The Prado museum of Spain is comparable to France's Louvre, Florence's Accademia di Belle Arti or New York's Metropolitan Museum of Art. The name Prado may not be as familiar to the everyman, but its collection is more than on par. Where the Prado differs is in its focus on Spanish and Spanish-influenced art.
Due to much effort and money, Houstonians now have the opportunity to take in the Prado's brilliance right in their own backyard. "Portrait of Spain: Masterpieces from the Prado" is on exhibition December 16 through March 31, 2013, at the MFAH. The collection showcases works of Spanish masters, among others, dating from the 1600s through the 20th century.
The exhibit was curated by Javier Portús, Senior Curator of Spanish Painting (to 1700) at the Prado, with the assistance of Edgar Peters Bowron, the Audrey Jones Beck curator of European art at the MFAH. The collection is on exclusive loan here in Houston as a part of an undertaking of the Prado to expand its reach outside of Europe.
The Prado was established in 1819 and, like many galleries of the time, the royal family commissioned much of its original work. The exhibition flows chronologically beginning in the 17th century, when much of the art being created was portraits of the royal family. Many of these portraits blend in with each other; royal depictions were a dime a dozen back then. What stands out are the pieces specifically portraying "freaks." Apparently, the Spanish royalty found people with physical abnormalities amusing and kept them at court. Aside from the obvious -- paintings are of dwarfs and the morbidly obese -- these paintings are in a freer style. Rather than the rigid painting technique apparent in the royal portraits, the paintings of these "low class" buffoons are done without constraints, as seen in Velázquez's "Francisco Lezcano, The Boy from Vallecas." The painting feels years beyond its royal portrait contemporaries.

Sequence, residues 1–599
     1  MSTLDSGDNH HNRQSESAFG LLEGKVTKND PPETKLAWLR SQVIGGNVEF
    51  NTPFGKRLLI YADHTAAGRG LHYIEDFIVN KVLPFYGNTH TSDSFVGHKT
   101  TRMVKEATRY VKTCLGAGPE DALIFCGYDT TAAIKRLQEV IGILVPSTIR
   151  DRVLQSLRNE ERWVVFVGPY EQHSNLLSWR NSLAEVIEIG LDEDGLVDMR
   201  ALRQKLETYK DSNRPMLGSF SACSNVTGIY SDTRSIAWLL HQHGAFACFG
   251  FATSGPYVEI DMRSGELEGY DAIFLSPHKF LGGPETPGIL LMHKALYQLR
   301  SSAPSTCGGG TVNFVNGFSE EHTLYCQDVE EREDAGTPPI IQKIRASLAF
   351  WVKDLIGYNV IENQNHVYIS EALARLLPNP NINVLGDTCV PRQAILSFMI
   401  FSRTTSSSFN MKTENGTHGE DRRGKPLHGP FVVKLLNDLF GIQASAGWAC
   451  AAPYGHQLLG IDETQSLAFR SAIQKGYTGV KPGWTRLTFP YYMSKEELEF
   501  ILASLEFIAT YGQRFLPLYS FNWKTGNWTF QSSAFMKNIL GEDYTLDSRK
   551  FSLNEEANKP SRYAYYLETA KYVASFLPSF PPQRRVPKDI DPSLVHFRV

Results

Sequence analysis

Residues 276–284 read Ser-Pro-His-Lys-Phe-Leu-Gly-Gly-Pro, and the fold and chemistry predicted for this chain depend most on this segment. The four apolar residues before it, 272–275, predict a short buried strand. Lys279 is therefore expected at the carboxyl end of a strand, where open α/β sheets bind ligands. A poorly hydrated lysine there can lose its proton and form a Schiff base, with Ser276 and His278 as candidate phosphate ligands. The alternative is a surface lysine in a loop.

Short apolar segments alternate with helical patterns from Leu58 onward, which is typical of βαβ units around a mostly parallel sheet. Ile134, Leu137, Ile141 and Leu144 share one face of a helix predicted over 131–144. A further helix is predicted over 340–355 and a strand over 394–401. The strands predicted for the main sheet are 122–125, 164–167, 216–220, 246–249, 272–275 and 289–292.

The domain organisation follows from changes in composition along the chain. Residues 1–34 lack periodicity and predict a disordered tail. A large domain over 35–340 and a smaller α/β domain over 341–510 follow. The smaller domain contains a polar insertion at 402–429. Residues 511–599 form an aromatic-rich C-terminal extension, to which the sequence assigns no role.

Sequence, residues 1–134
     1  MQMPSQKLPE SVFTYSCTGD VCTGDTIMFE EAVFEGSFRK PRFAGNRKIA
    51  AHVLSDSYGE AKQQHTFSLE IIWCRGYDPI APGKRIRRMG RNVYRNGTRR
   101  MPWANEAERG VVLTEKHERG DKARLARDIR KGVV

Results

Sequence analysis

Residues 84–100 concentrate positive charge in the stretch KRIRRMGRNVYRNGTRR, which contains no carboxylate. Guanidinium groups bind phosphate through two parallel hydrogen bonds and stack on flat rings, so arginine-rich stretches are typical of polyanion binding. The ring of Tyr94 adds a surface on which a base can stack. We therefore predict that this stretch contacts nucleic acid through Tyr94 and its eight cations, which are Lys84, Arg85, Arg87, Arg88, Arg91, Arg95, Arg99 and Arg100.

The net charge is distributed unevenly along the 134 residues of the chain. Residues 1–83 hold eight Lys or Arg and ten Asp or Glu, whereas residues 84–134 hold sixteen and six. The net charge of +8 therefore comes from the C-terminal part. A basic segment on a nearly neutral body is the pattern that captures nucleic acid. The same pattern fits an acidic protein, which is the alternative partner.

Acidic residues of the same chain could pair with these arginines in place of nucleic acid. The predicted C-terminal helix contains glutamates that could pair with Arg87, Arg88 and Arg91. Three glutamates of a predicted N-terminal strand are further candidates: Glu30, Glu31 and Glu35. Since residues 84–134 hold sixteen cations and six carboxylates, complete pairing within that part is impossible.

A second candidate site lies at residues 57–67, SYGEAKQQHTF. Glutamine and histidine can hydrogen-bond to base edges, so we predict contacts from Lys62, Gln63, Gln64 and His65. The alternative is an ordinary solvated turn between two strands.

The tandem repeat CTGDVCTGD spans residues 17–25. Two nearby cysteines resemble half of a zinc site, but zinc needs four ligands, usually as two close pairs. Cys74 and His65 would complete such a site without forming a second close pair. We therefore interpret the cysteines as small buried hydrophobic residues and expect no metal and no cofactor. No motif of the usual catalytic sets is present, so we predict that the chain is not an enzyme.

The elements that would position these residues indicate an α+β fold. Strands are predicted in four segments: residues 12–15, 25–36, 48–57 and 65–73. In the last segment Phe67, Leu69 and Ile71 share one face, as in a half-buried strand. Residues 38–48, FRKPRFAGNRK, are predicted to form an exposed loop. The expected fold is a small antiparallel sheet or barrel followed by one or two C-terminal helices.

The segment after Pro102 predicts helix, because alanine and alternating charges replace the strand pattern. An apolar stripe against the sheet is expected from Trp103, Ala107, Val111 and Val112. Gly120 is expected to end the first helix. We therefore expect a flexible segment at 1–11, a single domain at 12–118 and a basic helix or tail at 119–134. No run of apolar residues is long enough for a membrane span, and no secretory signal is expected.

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The exhibition continues with a large portion of religious paintings. The usual suspects are portrayed such as St. Benedict and St. Jerome alongside the annunciation and Jesus on the cross. If you have seen one 16th century painting of Jesus on the cross, you have seen them all; however, the Spanish painters of the time had a different approach to the familiar scene. The Spanish had a knack for showing the pained faces of their subjects. "Christ Carrying the Cross," attributed to the Venetian master Titian, shows the Son of God staring out of the canvas, his heavy heart ever apparent.
The exhibition moves through the realism movement of the 1800s into a more modern era in Spain's artistic history. Painters such as Joaquín Sorolla, Aureliano de Beruete and Eduardo Rosales are highlighted as they moved the painting genre of Spain into the contemporary world.
The collection has a few lows, but mostly highs. It is quite comprehensive and gives patrons a glimpse into Spain's exquisite artistic history.
Portrait of Spain: Masterpieces from the Prado will be on view at the Museum of Fine Arts, Houston, from December 16 through March 31, 2013. For more information, visit mfah.org.